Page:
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Center for Biological Diversity:
Coral Conservation
Virgin Islands Daily News, March 19, 2012

Center Notifies Government it Will Sue to Protect Corals
By Aldeth Lewin

ST. THOMAS - In an effort to push through protection for endangered coral, a national environmental group has filed paperwork that it plans to sue the federal government, which it says has failed to develop a recovery plan for threatened elkhorn and staghorn corals.

The Center for Biological Diversity filed a formal notice of intent to sue the National Marine Fisheries Service last week for failing to develop a recovery plan for the two species of coral that live off the coast of Florida and in the Caribbean - including the U.S. Virgin Islands.

The 60-day notice of intent to sue is a prerequisite to filing a lawsuit under the Endangered Species Act.

The corals first were listed on the Endangered Species Act in 2006, after a petition from the Center for Biological Diversity. They were the first coral species ever to be listed.

Once a species is listed, under the federal law, a unique set of rules and regulations must be developed to protect it. While many species listed under the Endangered Species Act have built-in protections, they do not automatically apply to threatened species unless the federal government finds such protections necessary for the conservation of the species.

The federal government drafted a rule for the protection of the two coral species, and it was implemented in November 2008.

Under the 2008 draft, all "take" and trade involving the two branching types of coral will be against the law. Any collection or activities that harm the coral are considered to be take.

Other prohibited activities will include:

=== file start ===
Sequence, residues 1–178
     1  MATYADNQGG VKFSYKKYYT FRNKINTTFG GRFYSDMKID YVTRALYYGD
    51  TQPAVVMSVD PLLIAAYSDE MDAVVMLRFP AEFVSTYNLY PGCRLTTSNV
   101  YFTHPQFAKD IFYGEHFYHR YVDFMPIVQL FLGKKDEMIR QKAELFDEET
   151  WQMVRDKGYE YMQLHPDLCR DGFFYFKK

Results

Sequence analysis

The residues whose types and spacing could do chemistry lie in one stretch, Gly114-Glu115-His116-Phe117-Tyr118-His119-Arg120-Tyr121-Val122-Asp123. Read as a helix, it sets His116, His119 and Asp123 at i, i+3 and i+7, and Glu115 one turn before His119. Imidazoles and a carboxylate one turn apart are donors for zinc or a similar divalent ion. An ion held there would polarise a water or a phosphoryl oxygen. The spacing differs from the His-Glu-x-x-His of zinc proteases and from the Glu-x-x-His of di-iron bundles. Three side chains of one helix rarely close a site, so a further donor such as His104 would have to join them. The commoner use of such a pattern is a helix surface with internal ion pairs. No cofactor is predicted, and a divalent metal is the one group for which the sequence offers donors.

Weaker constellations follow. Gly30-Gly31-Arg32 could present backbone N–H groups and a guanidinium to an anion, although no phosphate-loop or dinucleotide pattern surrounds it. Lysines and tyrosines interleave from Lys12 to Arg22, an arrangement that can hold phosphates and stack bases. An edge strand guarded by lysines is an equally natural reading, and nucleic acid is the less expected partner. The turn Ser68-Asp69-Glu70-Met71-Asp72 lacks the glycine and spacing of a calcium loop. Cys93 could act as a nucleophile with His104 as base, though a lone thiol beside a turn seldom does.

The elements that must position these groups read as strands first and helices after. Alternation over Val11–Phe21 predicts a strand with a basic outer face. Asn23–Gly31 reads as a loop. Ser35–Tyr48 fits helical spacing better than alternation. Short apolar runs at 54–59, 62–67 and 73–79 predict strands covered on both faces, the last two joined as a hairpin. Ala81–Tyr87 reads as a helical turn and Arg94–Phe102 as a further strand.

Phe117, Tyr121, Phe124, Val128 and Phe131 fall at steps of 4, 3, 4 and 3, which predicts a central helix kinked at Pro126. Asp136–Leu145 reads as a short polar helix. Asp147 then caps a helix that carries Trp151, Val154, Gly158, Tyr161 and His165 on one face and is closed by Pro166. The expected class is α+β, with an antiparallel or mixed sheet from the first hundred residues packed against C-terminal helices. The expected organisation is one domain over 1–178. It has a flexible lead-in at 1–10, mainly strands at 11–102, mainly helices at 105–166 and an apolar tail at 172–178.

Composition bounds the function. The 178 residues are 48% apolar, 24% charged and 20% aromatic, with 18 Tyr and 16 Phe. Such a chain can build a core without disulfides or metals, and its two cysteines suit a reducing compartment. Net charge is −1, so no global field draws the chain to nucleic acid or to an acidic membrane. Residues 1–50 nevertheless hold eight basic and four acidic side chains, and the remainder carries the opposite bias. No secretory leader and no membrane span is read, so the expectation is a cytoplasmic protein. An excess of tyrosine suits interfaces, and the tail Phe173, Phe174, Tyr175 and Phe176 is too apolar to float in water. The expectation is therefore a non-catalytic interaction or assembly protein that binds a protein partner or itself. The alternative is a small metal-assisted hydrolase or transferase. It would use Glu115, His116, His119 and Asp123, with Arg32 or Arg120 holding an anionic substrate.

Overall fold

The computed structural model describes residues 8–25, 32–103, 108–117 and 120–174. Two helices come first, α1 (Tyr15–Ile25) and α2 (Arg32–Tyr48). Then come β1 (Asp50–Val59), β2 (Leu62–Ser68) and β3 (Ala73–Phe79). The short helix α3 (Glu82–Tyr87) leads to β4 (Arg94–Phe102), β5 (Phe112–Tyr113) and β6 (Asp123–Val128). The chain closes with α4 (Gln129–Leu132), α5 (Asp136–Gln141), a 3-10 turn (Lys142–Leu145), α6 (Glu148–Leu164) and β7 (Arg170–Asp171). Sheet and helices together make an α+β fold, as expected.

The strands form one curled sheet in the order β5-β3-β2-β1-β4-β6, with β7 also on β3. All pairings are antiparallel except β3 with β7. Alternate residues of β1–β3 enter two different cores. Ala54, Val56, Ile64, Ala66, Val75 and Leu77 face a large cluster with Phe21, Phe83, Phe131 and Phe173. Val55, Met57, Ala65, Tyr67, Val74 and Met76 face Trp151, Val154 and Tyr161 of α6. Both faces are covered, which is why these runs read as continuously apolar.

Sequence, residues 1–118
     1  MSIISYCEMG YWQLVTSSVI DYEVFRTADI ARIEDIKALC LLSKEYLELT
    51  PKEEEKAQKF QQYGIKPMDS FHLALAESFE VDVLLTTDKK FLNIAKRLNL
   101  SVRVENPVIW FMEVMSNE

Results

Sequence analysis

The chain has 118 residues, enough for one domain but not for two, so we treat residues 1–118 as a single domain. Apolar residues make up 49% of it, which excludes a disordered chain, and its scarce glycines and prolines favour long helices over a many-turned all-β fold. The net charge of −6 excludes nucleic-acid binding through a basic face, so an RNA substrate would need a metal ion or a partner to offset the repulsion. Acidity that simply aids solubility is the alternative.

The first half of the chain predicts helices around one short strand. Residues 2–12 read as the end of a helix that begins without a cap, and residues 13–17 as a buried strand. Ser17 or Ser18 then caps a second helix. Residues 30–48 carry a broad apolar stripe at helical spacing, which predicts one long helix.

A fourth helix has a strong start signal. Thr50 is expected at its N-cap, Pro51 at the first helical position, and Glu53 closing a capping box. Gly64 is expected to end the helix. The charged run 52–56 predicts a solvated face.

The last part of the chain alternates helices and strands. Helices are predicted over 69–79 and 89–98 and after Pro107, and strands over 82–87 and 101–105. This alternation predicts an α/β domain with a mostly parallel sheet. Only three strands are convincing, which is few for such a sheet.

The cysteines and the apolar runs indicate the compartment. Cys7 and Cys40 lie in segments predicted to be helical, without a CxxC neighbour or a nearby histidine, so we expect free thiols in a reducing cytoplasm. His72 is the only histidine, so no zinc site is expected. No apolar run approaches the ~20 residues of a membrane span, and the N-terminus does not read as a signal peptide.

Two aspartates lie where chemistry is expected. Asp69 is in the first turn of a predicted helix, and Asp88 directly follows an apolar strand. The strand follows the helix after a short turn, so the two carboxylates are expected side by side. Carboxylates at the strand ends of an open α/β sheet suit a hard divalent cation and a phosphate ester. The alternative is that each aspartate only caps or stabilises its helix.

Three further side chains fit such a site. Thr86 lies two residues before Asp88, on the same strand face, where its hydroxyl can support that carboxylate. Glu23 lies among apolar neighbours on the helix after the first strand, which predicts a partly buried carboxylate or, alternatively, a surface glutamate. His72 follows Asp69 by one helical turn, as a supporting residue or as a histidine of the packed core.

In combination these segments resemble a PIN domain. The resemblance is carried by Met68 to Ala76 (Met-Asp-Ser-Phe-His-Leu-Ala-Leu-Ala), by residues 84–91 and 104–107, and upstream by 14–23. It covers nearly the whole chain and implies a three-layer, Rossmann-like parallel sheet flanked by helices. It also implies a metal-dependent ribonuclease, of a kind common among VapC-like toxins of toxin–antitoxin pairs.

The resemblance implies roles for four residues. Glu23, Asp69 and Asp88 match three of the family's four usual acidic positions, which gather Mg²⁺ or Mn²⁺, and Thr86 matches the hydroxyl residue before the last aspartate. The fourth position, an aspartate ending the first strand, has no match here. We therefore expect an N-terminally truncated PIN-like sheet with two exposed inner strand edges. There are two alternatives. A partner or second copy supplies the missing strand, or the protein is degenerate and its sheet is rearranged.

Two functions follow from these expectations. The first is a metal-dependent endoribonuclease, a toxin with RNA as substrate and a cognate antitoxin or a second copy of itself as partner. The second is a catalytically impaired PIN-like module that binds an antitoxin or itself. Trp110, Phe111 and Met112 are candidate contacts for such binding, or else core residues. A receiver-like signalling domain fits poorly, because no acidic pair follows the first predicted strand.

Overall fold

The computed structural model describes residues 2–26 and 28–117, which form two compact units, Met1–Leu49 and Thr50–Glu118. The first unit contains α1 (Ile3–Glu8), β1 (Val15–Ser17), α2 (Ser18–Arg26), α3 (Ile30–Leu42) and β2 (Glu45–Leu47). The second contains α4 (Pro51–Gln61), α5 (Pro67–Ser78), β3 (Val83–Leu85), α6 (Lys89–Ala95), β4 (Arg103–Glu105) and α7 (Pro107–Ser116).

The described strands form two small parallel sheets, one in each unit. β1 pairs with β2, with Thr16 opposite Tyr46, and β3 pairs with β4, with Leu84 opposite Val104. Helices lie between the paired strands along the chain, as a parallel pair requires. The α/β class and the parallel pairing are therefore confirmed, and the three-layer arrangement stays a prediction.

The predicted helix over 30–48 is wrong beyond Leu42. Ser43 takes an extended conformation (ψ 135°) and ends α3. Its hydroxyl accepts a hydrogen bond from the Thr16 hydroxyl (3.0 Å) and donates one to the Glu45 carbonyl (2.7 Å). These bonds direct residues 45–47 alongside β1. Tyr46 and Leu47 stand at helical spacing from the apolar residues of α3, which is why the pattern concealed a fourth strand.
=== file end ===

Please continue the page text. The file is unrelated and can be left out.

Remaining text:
- Removing or damaging the coral or its habitat.

- Polluting or contaminating the corals' habitat.

- Boating or fishing activities that harm or break the corals.

In addition to the rule, however, the federal government also was required to draft a recovery plan to begin the process of restoring the coral population.

"These elegant corals are heading toward an ugly end if we don't act soon," Miyoko Sakashita, oceans director at the center, said in a written statement. "We need to start with halting their decline - only then will corals have a chance."

Recovery plans are the main tool for identifying actions necessary to save endangered species from extinction and eventually be able to remove their protection under the Endangered Species Act, Sakashita said. Species that have had dedicated recovery plans for two or more years are far more likely to improve than those without recovery plans, she said.

The timely development and implementation of a plan is critical to saving elkhorn and staghorn corals because it will identify specifically what is necessary to save them, such as habitat restoration and protection, Sakashita said.

Elkhorn and staghorn coral typically live in water depths of no more than 30 feet and feature antler-like protrusions. The coral reefs of which they are a part provide habitat for fish, crustaceans and other marine life.

Officials from the National Oceanic and Atmospheric Administration have said that elkhorn and staghorn corals have declined as much as 97 percent since 1985 in some areas around Florida and the Caribbean.

Sakashita said the species is threatened by global warming and ocean acidification, as well as by human activity.

The warming of the water leads to coral bleaching, and acidification - the increasing levels of carbon dioxide in the ocean - limits the amount of calcium the coral can draw out of the water to build skeletons.

Pressures from disease, fishing and pollution also have led to coral decline, Sakashita said.

"If we want to bring our oceans' rich coral reefs back to life, we'll need to take really decisive action to reduce greenhouse gas emissions. Otherwise that pollution will wipe out the reefs by mid-century," she said.

The Center for Biological Diversity is a nonprofit conservation organization dedicated to protecting endangered species and wild places.

This article originally appeared here.

Photo © Paul S. Hamilton